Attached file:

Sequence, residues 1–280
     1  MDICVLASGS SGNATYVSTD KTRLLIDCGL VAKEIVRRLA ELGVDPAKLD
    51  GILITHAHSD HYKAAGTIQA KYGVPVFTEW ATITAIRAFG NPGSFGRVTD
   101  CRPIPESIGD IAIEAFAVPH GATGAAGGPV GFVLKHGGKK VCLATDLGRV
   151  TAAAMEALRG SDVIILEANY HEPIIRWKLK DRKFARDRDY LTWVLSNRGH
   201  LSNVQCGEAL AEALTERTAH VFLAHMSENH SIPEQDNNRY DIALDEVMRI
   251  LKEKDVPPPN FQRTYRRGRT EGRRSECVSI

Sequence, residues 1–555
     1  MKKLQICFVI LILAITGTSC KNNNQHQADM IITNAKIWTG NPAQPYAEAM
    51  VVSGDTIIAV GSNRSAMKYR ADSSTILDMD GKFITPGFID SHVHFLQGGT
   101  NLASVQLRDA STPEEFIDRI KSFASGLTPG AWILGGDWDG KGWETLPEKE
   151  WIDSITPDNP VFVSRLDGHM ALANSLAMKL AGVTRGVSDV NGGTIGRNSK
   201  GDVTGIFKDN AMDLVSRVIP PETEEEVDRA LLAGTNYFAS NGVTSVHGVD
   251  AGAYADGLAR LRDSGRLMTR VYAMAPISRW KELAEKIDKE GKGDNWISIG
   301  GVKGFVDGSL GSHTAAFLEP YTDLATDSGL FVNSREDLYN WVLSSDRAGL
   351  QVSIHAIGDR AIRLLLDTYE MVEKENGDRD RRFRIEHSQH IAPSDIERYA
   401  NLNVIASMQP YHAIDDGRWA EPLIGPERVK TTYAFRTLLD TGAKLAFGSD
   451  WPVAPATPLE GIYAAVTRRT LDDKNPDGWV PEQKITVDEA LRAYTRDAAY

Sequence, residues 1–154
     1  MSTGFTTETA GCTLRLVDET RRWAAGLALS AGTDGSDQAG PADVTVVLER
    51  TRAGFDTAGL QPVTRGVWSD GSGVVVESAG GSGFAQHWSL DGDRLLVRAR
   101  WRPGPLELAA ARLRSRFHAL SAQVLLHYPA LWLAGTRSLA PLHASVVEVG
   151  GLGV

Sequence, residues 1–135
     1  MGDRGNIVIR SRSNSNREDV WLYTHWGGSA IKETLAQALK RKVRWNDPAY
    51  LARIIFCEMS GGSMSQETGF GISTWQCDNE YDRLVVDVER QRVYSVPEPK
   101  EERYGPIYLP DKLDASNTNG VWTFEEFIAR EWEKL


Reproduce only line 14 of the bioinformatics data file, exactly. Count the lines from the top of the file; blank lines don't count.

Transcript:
   251  AGAYADGLAR LRDSGRLMTR VYAMAPISRW KELAEKIDKE GKGDNWISIG